stall off

stall

2 [stawl]
verb (used without object)
1.
to delay, especially by evasion or deception.
2.
Sports. to prolong holding the ball as a tactic to prevent the opponent from scoring, as when one's team has the lead. Compare freeze ( def 31 ).
verb (used with object)
3.
to delay or put off, especially by evasion or deception (often followed by off ): He stalled the police for 15 minutes so his accomplice could get away.
noun
4.
a pretext, as a ruse, trick, or the like, used to delay or deceive.
5.
Underworld Slang. the member of a pickpocket's team who distracts the victim long enough for the theft to take place.
6.
Sports. slowdown ( def 3 ).

Origin:
1490–1500; earlier stale decoy bird (> Anglo-French estale decoy pigeon), Old English stæl- decoy (in stælhrān decoy reindeer); akin to stall1

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World English Dictionary
stall1 (stɔːl)
 
n
1.  a.  a compartment in a stable or shed for confining or feeding a single animal
 b.  another name for stable
2.  a small often temporary stand or booth for the display and sale of goods
3.  in a church
 a.  one of a row of seats, usually divided from the others by armrests or a small screen, for the use of the choir or clergy
 b.  a pen
4.  an instance of an engine stalling
5.  a condition of an aircraft in flight in which a reduction in speed or an increase in the aircraft's angle of attack causes a sudden loss of lift resulting in a downward plunge
6.  any small room or compartment
7.  (Brit)
 a.  a seat in a theatre or cinema that resembles a chair, usually fixed to the floor
 b.  (plural) the area of seats on the ground floor of a theatre or cinema nearest to the stage or screen
8.  a tubelike covering for a finger, as in a glove
9.  (plural) short for starting stalls
10.  (Brit) set out one's stall to make the necessary arrangements for the achievement of something and show that one is determined to achieve it
 
vb
11.  to cause (a motor vehicle or its engine) to stop, usually by incorrect use of the clutch or incorrect adjustment of the fuel mixture, or (of an engine or motor vehicle) to stop, usually for these reasons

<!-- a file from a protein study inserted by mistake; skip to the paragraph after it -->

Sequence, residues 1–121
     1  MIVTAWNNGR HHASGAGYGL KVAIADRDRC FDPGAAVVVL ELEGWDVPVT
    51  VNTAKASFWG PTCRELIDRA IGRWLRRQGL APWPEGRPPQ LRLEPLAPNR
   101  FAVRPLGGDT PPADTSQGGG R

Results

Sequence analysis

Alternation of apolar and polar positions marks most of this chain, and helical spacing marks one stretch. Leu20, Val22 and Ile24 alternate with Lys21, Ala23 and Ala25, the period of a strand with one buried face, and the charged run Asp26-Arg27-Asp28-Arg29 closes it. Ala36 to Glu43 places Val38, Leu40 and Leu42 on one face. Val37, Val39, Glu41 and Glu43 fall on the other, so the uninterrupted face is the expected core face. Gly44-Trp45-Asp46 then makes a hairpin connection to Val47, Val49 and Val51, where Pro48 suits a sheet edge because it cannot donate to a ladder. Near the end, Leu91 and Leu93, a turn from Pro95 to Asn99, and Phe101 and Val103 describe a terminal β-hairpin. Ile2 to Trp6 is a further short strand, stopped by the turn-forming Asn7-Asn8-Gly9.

12.  to cause (an aircraft) to go into a stall or (of an aircraft) to go into a stall
13.  to stick or cause to stick fast, as in mud or snow
14.  (tr) to confine (an animal) in a stall
 
[Old English steall a place for standing; related to Old High German stall, and stellen to set]

stall2 (stɔːl)
 
vb
1.  to employ delaying tactics towards (someone); be evasive
2.  chiefly (US) (intr) sport to play or fight below one's best in order to deceive
 
n
3.  an evasive move; pretext
 
[C16: from Anglo-French estale bird used as a decoy, influenced by stall1]

Collins English Dictionary - Complete & Unabridged 10th Edition
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Etymonline
Word Origin & History

stall
"place in a stable for animals," O.E. steall "place where cattle are kept, place, position," from P.Gmc. *stallaz (cf. O.N. stallr "pedestal for idols, altar," O.Fris. stal, O.H.G. stall "stand, place, stable, stall," Ger. Stall "stable," Stelle "place"), earlier *stalnaz- or *stathlo-, from PIE base
*sta- "to stand" (cf. Gk. stellein "to set in order, arrange, equip;" see stet). The word passed into Romanic languages (cf. It. stallo "place," stalla "stable;" O.Fr. estal "place, position, stand, stall," Fr. étal "butcher's stall"). Several meanings, including that of "a stand for selling" (mid-13c., implied in stallage "tax levied for the privilege of erecting a stall at a market or fair"), are from (or influenced by) O.Fr. estal. Meaning "partially enclosed seat in a choir" is attested from c.1400; that of "urinal in a men's room" is from 1967.

stall
"pretense to avoid doing something," variant of stale "bird used as a decoy to lure other birds" (c.1440), from Anglo-Fr. estale "decoy, pigeon used to lure a hawk" (13c., cf. stool pigeon), lit. "standstill," from O.Fr. estal "place, stand, stall," from Frankish *stal- "position," cognate with O.E.
steall (see stall (n.1)). Cf. O.E. stælhran "decoy reindeer," Ger. stellvogel "decoy bird." Fig. sense of "deception, means of allurement" is first recorded c.1529. Meaning "evasive trick or story, pretext, excuse" first recorded 1812 (see stall (v.)); sense entwined with that of "thief's assistant" (1591).
"The stallers up are gratified with such part of the gains acquired as the liberality of the knuckling gentlemen may prompt them to bestow." [J.H. Vaux, "Flash Dictionary," 1812]

stall
1592, "to screen a pickpocket from observation," from stall (n.2) "decoy." Meaning "to precaricate, be evasive, play for time" is attested from 1903. Of engines or engine-powered vehicles, it is attested from 1904 (trans.), 1914 (intrans.), from earlier sense of "to become
stuck, come to a standstill" (c.1400), which is directly from O.Fr. estale or O.E. steall (see stall (n.1)).
Online Etymology Dictionary, © 2010 Douglas Harper
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